When the marriage ultimately dissolved she recalls in chapter 29 how; ‘My Stones support network literally vanished overnight: I was completely on my own. Not only that, but it was now plainly obvious to me that I’d largely put my own passions and interests aside to devote my life to Ronnie. As the summer days stretched ahead of me, silent and empty, I realised I would have to build myself a completely new life. I was going to have to fend for myself, just as I had done at 16. And that was the really scary bit…’
Her autobiography includes her recollections of freebasing cocaine with Ronnie;
“I don’t regret doing freebase. But I do regret wasting 18 months in the bathroom when I should have been spending more time with my kids. A few months after I gave up, I was in New York with Ronnie, and Bobby Womack came over to freebase with him. They were badgering me to join them. I gave in. Some 12 hours later I was scrabbling around the floor looking for stray crumbs. And at that moment I decided: ‘I will never, ever do freebase again.’ And I never did.”
But even at the height of her freebasing frenzy in the early 1980s, Jo claims that she was still a good mother:_ “It was a crazy time, but I know I was always a good mum. We never did drugs in front of the kids, but sometimes we’d still be high when they woke up, and I would try to sneak off to bed so they didn’t see me.”_
I have sympathy for her marital breakup, despite my acute reservations about her introducing drugs to her children; a move undertaken to monitor the quality of illegal substances that she felt would inevitably come their way. She doesn’t pull punches in her book, and whilst a number of her unconscionable actions are rather shocking, ‘tweets’ and postings from the general public on various Reuters news agencies suggest my view is unshared by millions, many of whom believe such an opportunist ultimately received her just deserts. Yet just such a sentiment signifies pure envy, and conveniently ignores her contribution to a decades long marriage and the day to day problems of dealing with an alcoholic. It appears apparent to me, that characters like Wood, view others entering their orbit as ‘freeloaders’ by nature, their company to be enjoyed but their ultimate motives to be mistrusted. Worse still, in rejecting the obvious credentials of an exception to this general rule – and I do believe Jo truly loved him – they justify their wayward actions in the apparent and substantiated belief, that they can treat their partner in whatever cavalier fashion they see fit. Ignoring her intuition ‘from the off’, Jo’s life with Ronnie was one continuous round of self denial about his persistent womanising. Reclassifying every new dalliance as nothing more than a ‘drinking buddie’, she went about her life, travelling the world making sure her husband was comfortable ‘on the road’ with The Stones, raising their children, building a home life and partying with the best of them. In her own words, life on the road with the band between 1989 and 2006 was a disorientating blur of lights, dressing rooms and hotel foyers. I would wake up in the middle of the night in another hotel room and not have a clue which country I was in’.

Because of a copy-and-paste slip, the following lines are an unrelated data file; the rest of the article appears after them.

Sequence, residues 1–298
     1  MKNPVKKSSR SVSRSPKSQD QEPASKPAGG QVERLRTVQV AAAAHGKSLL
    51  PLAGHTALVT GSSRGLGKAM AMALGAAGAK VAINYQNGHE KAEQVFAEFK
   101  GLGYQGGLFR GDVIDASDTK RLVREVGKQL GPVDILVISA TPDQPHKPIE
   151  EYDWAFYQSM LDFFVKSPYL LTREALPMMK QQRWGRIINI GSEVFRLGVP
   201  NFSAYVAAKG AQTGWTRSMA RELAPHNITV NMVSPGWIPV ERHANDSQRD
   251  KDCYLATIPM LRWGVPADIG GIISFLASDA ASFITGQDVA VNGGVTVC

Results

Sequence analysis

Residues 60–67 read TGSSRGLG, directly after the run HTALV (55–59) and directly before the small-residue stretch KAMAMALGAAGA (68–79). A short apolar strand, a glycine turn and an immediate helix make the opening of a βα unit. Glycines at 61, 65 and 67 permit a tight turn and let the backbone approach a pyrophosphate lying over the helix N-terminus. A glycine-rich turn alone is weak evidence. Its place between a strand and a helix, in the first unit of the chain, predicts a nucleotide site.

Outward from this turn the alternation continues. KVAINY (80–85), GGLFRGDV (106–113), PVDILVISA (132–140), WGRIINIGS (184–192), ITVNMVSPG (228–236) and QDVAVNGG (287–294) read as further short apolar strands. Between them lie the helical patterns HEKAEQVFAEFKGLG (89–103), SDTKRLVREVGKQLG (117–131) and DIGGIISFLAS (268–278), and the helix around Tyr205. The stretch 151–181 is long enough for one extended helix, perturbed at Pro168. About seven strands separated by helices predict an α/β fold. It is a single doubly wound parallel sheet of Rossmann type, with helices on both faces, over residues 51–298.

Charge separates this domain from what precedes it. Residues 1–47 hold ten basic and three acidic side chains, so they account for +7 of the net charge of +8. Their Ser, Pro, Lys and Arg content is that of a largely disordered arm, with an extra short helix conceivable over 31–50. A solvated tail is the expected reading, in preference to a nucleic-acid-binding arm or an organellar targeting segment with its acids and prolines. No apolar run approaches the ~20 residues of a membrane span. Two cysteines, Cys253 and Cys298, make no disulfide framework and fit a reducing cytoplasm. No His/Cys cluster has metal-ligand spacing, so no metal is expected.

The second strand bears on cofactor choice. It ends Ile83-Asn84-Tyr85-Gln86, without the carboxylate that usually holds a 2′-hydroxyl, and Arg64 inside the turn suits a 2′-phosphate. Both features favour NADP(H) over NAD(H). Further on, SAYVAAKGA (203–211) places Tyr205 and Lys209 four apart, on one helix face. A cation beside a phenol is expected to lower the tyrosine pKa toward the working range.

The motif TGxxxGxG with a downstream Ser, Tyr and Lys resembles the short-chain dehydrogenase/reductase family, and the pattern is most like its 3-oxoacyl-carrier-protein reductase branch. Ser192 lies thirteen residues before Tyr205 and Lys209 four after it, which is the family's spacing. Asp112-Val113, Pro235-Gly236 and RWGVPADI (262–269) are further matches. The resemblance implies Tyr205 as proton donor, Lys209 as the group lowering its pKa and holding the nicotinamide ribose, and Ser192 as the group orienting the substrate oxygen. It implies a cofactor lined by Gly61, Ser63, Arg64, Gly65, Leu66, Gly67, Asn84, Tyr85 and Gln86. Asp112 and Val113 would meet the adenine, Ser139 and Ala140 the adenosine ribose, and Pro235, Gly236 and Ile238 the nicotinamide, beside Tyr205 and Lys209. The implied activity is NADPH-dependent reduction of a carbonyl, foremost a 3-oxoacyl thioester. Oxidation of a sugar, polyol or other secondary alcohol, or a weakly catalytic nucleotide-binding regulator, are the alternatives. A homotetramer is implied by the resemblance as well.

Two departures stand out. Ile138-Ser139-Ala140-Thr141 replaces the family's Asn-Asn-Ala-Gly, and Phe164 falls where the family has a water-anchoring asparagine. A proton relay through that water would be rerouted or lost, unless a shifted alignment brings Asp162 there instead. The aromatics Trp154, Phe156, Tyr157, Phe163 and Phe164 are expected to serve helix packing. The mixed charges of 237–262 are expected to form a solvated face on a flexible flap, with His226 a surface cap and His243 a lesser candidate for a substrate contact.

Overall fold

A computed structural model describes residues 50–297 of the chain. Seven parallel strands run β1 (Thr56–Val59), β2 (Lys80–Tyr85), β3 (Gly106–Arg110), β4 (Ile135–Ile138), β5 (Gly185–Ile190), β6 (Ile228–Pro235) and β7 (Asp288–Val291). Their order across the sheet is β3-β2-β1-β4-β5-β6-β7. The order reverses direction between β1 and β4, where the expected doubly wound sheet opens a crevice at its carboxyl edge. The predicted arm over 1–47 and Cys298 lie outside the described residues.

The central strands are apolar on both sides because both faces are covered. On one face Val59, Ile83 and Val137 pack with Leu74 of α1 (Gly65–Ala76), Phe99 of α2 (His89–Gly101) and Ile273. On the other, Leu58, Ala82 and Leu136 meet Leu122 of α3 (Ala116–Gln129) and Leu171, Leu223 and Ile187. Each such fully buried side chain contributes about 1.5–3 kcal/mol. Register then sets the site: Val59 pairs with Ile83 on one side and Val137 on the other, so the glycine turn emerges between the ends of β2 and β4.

Any natural inclination to hold the family unit together is both commendable and understandable, but Jo’s self denial established the template for her errant husband’s unending behaviour. Recalling the events following her 50th birthday, she writes;
‘…the following day, Ronnie looked at me and said, “I never thought I’d be married to a 50 year old”. It was the way he said it: not even with a smile and a chuckle, but a despondent shake of his head, as if I had somehow let him down by daring to get older. They were just throwaway comments, but they really hit home, making me feel increasingly insecure about the way I looked’.
There is little, if anything, to suggest she engendered jealousy or mistrust in him throughout their marriage. She maintains she was faithful to him. There is also little to suggest that she is both exceptionally and exasperatingly narcissistic. Wood’s hurtful comment was unfeeling, and to any casual observer, laughable in the extreme, bearing in mind his own extremely crumpled look – a vision no amount of ink black hair dye can disguise.
Tellingly, Jo confirms on page 313 that;
“Ronnie’s never apologised for what happened either to me or the kids – I don’t think he feels he has anything to apologise for – although he came close at the beginning of 2012. I was round at his house, dropping off some of his belongings, and he was talking about a new girl who was flying in to see him at the weekend. ‘I still haven’t found the one, Jo’, he said, wearily. ‘You won’t, Ronnie’, I said. ‘You had her and you lost her a few years ago. It was me’. He paused, took a drag on his cigarette. ‘You live and learn’, he said, eventually.”